As for production, I can make 17 of them per batch, which takes about 4 hours. It is not a super-fast process, but it is a lot of fun making something that helps people be more comfortable. My brother has made and dropped off 80 of them. I have created 122 of them for the AMC and MHC campus so far. I am dropping those in the mail and at the hospital today! I will keep up production, so keep the orders coming. I am just happy to be able to help!
CMIO’s take? Thanks to all our creative Epic/IT team members like Guy, to step up and help in every way that they can. –CT Lin MD
Executive Summary: We have a global pandemic, daily policy changes, we work from home, have new video tech, and we are learning to communicate and build relationships in new ways. It is easy to forget that there may be a scared patient on the other end, counting on us. How might we improve the patient experience? Some ideas:
Secure Chat with your MA
Scrub your schedule together, days ahead for patients more appropriate for telehealth vs in-person visits, med rec, troubleshooting, visit focus
Arrange your room, self
See tipsheet in Epic “Demonstrate Professionalism.“ How is: your room, your light, your clothing?
Eye Contactand, put a sticky note on PC cam to “LOOK HERE!”
Arrange the camera at eye level if possible. For some, looking down = frowning? Eye contact on video visits is EVEN MORE important. “If I look away it is because I’m looking at information in your chart”.
Avoid running late
If you DO, inform your MA by Epic secure chat & they can inform patient
Greet the patient
I like to raise my arms in surprise when we connect: every human connection now, is amazing. Maybe thank them for connecting with you. Ask if they’re in a safe private spot (eg: advise patient NOT to be driving!)
Talk, human to human
Ask: how are you coping (aside from medical concern)? Scared? Worried?
Even more important now in this time of anxiety. You can reflect or say back Data, Ideas, Feelings, Values. It strengthens connection: for example DATA: “It has been 5 days of worse symptoms?” IDEAS: “so you think it might be gout?” FEELINGS: “you’re worried about work? Hmm.” VALUES: “so, what’s important to you is your family.”
Some clinicians may have taken the Excellence in Communication course. The PEARLS acronym can also be helpful. Some examples: Partnership: “We’ll get through this together.” Empathy: (reflective listening, as above) Apology: “I’m really sorry that happened.” “I’m sorry for my part in it.” Respect: “You have worked really hard on this.” Legitimization: “Anyone in your situation would feel that way.” Support: “My team and I are here for you. We aren’t going anywhere.”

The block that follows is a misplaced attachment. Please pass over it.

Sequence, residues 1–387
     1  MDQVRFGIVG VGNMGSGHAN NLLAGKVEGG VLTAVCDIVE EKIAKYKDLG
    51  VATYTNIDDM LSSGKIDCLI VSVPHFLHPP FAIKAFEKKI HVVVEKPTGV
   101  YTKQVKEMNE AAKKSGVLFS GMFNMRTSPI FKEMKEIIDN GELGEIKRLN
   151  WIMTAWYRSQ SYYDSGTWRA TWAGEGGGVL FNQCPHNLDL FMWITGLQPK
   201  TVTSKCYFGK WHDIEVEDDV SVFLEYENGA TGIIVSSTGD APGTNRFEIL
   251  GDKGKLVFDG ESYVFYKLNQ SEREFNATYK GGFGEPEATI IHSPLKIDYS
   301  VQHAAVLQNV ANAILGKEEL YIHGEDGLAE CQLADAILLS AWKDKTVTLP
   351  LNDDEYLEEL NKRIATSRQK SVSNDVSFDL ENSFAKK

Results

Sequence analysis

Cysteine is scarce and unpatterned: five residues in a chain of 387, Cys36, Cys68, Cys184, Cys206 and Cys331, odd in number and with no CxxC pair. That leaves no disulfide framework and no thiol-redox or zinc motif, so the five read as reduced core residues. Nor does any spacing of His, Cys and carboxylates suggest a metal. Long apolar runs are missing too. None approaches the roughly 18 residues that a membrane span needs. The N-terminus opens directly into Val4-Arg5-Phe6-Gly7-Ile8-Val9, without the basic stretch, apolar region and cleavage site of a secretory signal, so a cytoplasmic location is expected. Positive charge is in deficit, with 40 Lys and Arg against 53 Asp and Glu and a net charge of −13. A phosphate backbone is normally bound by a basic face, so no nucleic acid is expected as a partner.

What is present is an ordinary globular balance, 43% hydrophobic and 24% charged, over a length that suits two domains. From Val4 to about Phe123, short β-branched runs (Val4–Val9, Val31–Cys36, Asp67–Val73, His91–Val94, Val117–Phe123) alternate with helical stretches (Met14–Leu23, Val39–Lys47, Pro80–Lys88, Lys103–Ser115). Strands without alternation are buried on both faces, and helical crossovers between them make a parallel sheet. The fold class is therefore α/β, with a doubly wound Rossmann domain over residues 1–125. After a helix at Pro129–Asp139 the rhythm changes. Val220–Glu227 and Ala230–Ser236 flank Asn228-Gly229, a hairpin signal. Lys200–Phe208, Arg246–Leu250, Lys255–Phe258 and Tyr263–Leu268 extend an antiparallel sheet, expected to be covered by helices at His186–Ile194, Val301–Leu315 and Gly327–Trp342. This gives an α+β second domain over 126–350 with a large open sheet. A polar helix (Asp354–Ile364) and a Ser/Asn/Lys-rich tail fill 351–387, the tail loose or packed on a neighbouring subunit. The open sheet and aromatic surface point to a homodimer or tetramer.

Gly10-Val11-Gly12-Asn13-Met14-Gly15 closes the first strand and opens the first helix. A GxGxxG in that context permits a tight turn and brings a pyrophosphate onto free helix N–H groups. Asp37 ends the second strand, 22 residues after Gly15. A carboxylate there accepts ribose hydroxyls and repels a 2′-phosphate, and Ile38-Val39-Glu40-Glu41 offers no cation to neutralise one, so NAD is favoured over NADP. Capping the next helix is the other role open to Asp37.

Physical Exam creativity
Teach them to take a pulse “say beep when you feel it” and YOU can count. Patients may have a BP cuff, Pulse ox, flashlight, thermometer.
Ask for help from family
Others may help add to history or exam findings
They may ask about YOU as a human
“How are YOU doctor? Are you staying safe?” So many surprising comments from patients worried about their doc. Thank them!
Brief LIFE advice
During pandemic, consider: A) Limit news/social media to 30 min/day. B) Exercise daily. C) THREE GOOD THINGS exercise: proven to reduce depression, anxiety if done consistently “What 3 things are you grateful for today?” Can become a great family habit at dinner.
AVS, Open Notes
From My Health Connection, they can see your AVS (after visit summary) and your Progress note (called Clinical Note) to remind them of details of your visit. Maybe at end of visit, ask: “Sometimes I don’t explain myself well. Can you tell me what you’ve heard, so we’re on the same page?”
Reassurance and Hope
“We’re going to get through this!” “Stay in touch with your loved ones.”
Ending the visit
Consider: a handwave OR palms together, nod OR thumbs up OR “You Got This!” Forecast next steps or if your MA will call them after.
Secure chat with your MA
Handoff any items after visit for continuity (referral, next visit, lab, etc)
Okay, I acknowledge that I’m a data dilettante. Hmm. Interesting concept. I guess that is one step up from me being a data ignoramus. Having an anonymized population graphing tool in the EHR leads to amateur data exploration. Come along, won’t you?
DATA SET 1: 3 Years of CHIEF COMPLAINTS
The above graph shows 3 winters of data from our records, chief complaints of patients across our healthcare enterprise (4000+ doctors, several million patients) and number of patients each month with complaints of Cough (purple), Fever (blue), Shortness of Breath (yellow), and Diarrhea (red). Keep in mind: UCHealth grew in size over the past 3 years, with a growing number of hospitals and clinics, so the denominator number of patients is not the same from left to right. It also does not account for individual medical assistant or physician behavior who may or may not enter similar chief complaints across different patients, across different practices.